While Figgins has lofty goals for Dance to Bristol, trainer Damon Dilodovico has mapped out a much less ambitious tentative schedule for his talented, durable sprinter Immortal Eyes. Although much of his success the last three years has come at Charles Town, where he has won 9 of 11 races and owns the 4 1/2 furlong track record of 50.09 seconds, Immortal Eyes has recently been able to transition that form to Monmouth Park with three straight victories, two in stakes company.

The eight-year-old gelding by Greatness out of the winning Private Terms mare Private Eyes began his skein at the shore with an allowance victory in June, then came right back to easily capture the $100,000 Mr. Prospector Stakes by five lengths in 1:09.4. Last Sunday afternoon on the undercard of the Grade I, $1 million Haskell Invitational for three-year-olds, Immortal Eyes, with Paco Lopez in the irons, continued his winning ways when he held safe the late bid of General George winner Javerre to capture the $100,000 Teddy Drone Stakes by a head in 1:10.4 over a track that, though labeled fast, played slow.

Dance to Bristol.  Photo by Jim McCue, Maryland Jockey Club.

Dance to Bristol. Photo by Jim McCue, Maryland Jockey Club.

“He really seems to like that track,” Dilodovico said. “He had to get to the quarter in 21.4 under pressure and then went the half in 44.4. The last quarter was a little slow, but [jockey] Paco [Lopez] had a lot of confidence in him. He’s done well with him up there. This horses is such a professional. He’s like the athlete who gets to the park three hours early to take extra batting practice. He just loves going to the races.”

Immortal Eyes, who edged past the $850,000 mark in career earnings for owner Robert Abbo with his latest triumph, could head back to Monmouth Park for the $75,000 Icecapade Stakes on September 2 or stay closer to home and run next in the $350,000 Frank DeFrancis Memorial Dash at Laurel Park on September 21. Dilodovico noted the three-week span between those races would probably prohibit the aged runner from attempting both stakes.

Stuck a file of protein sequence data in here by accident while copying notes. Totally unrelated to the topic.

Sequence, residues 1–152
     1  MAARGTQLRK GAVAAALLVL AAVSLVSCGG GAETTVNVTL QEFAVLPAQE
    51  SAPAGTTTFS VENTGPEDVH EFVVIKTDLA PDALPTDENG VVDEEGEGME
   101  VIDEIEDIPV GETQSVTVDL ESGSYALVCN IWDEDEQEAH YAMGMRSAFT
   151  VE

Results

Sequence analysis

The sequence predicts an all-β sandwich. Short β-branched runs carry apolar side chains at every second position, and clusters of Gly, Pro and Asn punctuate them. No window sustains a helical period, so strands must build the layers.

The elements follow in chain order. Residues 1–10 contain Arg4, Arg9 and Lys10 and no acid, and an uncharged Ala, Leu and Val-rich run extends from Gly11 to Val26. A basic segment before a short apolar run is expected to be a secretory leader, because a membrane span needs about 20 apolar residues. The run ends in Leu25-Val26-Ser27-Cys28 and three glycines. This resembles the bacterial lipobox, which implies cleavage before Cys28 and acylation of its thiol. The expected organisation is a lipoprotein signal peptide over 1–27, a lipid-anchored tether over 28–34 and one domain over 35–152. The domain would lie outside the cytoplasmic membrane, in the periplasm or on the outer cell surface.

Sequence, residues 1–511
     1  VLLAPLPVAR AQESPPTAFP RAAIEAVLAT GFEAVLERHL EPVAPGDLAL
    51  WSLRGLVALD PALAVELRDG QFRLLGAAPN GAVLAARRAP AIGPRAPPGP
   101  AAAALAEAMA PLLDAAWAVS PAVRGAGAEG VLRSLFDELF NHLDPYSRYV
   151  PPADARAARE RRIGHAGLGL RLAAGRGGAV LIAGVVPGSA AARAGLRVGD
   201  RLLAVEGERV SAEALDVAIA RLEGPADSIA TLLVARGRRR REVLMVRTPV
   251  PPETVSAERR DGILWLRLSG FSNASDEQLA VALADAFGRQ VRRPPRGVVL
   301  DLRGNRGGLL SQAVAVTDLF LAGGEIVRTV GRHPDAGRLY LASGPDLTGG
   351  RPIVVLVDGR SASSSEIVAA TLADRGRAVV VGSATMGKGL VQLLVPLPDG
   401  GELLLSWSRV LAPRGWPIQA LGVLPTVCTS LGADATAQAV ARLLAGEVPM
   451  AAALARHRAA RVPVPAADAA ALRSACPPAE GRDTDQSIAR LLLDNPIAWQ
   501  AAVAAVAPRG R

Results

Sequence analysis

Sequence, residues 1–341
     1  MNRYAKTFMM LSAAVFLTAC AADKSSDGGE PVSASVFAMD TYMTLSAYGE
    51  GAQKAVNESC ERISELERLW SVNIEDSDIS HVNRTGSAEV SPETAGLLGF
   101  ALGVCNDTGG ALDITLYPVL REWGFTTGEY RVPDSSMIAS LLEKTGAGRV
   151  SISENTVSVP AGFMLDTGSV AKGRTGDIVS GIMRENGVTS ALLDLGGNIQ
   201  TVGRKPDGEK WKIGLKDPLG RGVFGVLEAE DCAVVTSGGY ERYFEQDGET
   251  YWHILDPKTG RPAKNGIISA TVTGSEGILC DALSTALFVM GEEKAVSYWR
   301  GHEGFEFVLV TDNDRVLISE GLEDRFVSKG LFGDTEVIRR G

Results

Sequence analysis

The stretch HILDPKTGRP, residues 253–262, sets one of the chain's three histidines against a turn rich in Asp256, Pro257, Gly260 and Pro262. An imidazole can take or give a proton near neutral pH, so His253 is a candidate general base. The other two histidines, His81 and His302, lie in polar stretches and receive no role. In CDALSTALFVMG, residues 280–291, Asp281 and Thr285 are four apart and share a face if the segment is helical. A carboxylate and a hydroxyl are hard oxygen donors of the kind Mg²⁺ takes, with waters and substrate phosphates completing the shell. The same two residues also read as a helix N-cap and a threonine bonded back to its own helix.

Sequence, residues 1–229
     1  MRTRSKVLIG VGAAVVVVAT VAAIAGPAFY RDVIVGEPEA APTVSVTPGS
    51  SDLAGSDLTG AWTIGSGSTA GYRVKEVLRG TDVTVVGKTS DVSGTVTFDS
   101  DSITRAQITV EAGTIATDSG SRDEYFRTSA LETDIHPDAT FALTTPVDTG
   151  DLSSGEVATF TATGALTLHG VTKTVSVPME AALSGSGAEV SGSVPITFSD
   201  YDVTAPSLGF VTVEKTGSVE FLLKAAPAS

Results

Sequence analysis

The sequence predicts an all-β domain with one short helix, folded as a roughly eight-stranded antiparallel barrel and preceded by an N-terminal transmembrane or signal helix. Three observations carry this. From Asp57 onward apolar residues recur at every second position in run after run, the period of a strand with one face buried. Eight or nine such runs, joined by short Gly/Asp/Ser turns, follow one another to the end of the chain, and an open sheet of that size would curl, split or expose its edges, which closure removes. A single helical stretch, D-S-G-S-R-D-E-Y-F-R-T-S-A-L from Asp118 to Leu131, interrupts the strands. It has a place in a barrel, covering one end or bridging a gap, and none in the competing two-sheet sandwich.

“At this point, it’s tempting to go back to Monmouth for that next stakes,” Dilodovico said. “He really loves that track. But I also like running at home and supporting the Maryland races as much as possible. The DeFrancis was one of his best races last year and he rallied to get third despite a bad start. I would like to try him in there again, but going in both is probably not going to work. The races are just a little too close together for him at this point in his career.”

Meanwhile, back at Bowie, business continues; the horses go through their paces.  The track that became famous for introducing winter racing to the East and home to the so-called “Bowie breed” became a training center.

The training center gained notoriety as the home of such stalwarts as Captain Bodgit, Little Bold John, Northern Wolf and Ten Keys.  Those and others shipped from Bowie to race tracks across the country and performed admirably in some of the sport’s most prestigious events.  Though they didn’t always win — Captain Bodgit, for example, finished second in the 1997 Kentucky Derby and third in that year’s Preakness, both times missing by just a head — they used the old facility as a springboard to greater fame.

Now, in what seems likely to be the gloaming of Bowie’s days as a part of Maryland racing, Dance to Bristol and Immortal Eyes spend their mornings galloping over its mile dirt oval and their nights in its barns.  And then, in continuation of the tradition, they travel to tracks around the country to tackle, and often beat, top competition.

Bowie may be short on time, but these two horses are making every second count.

Meet Immortal Eyes